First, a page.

For Fans Of
It has been quite awhile since Melbourne’s Closure In Moscow released their jaw dropping debut full length ‘First Temple’, six years in fact. The band, having been quite active in that time, has clearly changed their musical tastes a little bit, pushing their experimental angles on follow up ‘Pink Lemonade.’
…and, it’s a good thing.
‘First Temple‘ sat in amongst the post-hardcore wave that many Australian acts decided to ride at the time, poking its head out a little however, suggesting that CIM were something more. ‘Pink Lemonade‘ is the evolution of ‘First Temple‘s’ quirk.
The record begins by inviting you into the garden from the front cover image at which point ‘The Fool’, who is a funky-ass mother, albeit quite a lonely and erratic one, will serve you up some ‘Pink Lemonade’, which is flavoured in such a way that it is not too sweet and not too sour. The measurements of beauty and groove are balanced evenly allowing for sporadic guitar noodling and fast paced beats that can switch to the fattest bass lines and body moving melodies the group has ever produced.
As the record continues it becomes clear that CIM are fast becoming Australia’s answer to The Mars Volta, possibly with more psychedelics if ‘Neoprene Byzantine’ has anything to say about it. Things are never cemented however as they shift to 80’s pop on ‘Seeds Of Gold’ or blues rock mixed with glam on ‘That Brahmatron Song’, the only constant is groove, man.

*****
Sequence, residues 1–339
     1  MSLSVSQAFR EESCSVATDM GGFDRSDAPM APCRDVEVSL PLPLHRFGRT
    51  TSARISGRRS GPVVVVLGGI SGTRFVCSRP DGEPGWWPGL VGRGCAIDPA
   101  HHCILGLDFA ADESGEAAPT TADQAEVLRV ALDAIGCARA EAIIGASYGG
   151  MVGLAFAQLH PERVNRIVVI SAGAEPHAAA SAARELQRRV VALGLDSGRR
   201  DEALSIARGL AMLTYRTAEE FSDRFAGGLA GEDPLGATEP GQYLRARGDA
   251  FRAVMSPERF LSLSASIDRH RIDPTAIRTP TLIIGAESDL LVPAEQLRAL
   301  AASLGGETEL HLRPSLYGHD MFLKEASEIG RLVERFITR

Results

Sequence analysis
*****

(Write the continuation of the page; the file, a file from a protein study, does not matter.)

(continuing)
If there is a point where the quirky points of ‘First Temple‘ and the new sound meet, it’s ‘The Church of the Technochrist’, held in nostalgia by its vocals and propelled into the futuristic stratosphere by the music, this is a stand out thanks to the seamless combination of all CIM elements. The electro beat and strings of ‘Beckon Fire’ lead nicely into the album’s closing numbers, some more blues style riffage in ‘Happy Days’, and the equivalent of the most tripped out video game anime experience you’ve ever had in audio form on ピク レモネード.
Hopefully Closure In Moscow fans are open-minded enough to embrace and enjoy the fairly drastic musical change the band has undergone over the past few years. Because if they are, they will find a significant amount of enjoyment in ‘Pink Lemonade,’ which is the most impressively unique record this country has seen in a long time.
1. The Fool
2. Pink Lemonade
3. Neoprene Byzantine
4. Seeds of Gold
5. That Brahmatron Song
6. Dinosaur Boss Battle
8. The Church of the Technochrist
9. Beckon Fire
10. Happy Days
11. ピク レモネード